An e-commerce platform has been linking African manufacturers with Chinese customers, and vice versa, for the past few years.
Tia Peng from Amanbo Nairobi while talking to CNN Traders, a programme that highlights enterprising individuals globally that are going the extra mile to trade across borders detailed the opportunities that abound in this business:
“We think Africa, especially Kenya, is a huge market for online. Chinese electronics are particularly popular in Africa.” Peng explained the benefits of Amanbo: “The manufacturer can ship their product directly from China to here. We will not charge their operating fee on our platform, we will charge them some percentage of the profits.”
The demand for African products in China is great, especially amongst the middle classes, according to Peng: “It is not only focus on bring Chinese product to Africa, but also selling African product to China, because African product is great, there is a big need for Chinese market. As you know, China’s population is around 1.4 billion, and zero-point-three billion is middle classes among them. So, they have a strong need for African product”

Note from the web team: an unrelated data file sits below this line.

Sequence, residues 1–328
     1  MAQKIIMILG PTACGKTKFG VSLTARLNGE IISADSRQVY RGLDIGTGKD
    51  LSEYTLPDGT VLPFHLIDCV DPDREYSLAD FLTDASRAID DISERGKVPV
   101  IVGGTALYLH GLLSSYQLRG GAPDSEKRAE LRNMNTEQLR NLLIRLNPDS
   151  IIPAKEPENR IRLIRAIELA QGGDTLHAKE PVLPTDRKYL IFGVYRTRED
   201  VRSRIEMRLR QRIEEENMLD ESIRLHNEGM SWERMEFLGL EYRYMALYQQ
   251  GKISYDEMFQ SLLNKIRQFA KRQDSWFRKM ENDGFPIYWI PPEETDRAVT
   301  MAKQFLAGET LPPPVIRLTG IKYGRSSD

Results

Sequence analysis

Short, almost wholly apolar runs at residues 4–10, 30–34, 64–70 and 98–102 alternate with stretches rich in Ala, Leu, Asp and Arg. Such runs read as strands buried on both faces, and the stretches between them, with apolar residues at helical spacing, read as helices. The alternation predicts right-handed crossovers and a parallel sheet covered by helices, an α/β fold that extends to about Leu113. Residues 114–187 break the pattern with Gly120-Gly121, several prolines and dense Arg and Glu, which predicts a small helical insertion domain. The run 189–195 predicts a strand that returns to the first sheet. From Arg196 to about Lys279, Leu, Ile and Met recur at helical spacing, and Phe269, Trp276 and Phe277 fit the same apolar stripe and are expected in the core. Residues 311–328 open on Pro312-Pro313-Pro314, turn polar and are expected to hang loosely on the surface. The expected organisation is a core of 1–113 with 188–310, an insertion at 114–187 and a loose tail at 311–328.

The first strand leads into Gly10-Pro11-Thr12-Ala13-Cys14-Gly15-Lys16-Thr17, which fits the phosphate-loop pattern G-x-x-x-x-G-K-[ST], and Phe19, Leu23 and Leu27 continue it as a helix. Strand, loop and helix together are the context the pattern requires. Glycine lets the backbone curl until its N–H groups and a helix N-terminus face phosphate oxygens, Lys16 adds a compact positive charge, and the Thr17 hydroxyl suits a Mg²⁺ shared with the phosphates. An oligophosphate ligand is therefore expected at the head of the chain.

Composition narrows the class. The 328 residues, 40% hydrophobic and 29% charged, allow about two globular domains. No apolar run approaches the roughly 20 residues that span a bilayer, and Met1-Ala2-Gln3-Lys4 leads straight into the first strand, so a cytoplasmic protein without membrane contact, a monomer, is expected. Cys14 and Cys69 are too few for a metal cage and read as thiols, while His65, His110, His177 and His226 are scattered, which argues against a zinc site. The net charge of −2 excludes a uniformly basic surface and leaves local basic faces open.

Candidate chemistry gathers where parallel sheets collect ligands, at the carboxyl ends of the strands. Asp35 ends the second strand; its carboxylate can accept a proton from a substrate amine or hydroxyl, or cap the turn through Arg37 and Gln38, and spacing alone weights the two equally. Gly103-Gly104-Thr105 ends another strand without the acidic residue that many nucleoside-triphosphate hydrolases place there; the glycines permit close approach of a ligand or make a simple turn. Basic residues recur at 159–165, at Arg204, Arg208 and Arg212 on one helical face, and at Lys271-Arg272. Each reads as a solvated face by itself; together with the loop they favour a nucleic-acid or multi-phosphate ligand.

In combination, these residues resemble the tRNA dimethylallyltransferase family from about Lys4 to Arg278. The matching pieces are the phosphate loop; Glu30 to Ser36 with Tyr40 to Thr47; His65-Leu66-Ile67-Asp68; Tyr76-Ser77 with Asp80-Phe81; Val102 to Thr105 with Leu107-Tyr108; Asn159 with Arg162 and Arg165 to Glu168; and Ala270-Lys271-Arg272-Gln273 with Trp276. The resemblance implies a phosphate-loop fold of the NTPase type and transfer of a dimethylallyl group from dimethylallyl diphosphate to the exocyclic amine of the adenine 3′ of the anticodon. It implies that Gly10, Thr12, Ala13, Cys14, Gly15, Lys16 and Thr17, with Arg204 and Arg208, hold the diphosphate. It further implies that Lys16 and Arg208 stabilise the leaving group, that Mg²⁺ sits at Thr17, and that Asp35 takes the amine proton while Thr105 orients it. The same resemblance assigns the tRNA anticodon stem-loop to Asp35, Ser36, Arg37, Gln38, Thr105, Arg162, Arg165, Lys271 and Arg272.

Decorative artefacts carved from Kenyan soapstone are one of the products to have found a market in China.
Stephen Okari, a soapstone craftsman who speaks about the benefitting from the demand:“Amanbo they are very important for me because when they come, they come to the Maasai Market they order from me and then sometimes they give me a big order.”
Amanbo’s online marketplace has been tapping in to an already strong economic bridge between China and Africa. CNN’s Traders revels that China is Africa’s main export market and also its largest source of imports.
Eighty-five per cent of exports from Africa to China are made up of commodities and crude materials, with oil being the biggest single item. Due to the country’s lower manufacturing costs, machinery, autos and textiles from China make up the biggest imports into the African continent.
Amanbo has the ambitious goal of reaching ninety percent of all African consumers but there are some challenges, as Tia Peng explained: “One is the cost of broadband, which is still too high in Africa. The second is logistics, which is still not much now. The third is the literacy rate in Africa. We do believe it will improve in Africa.”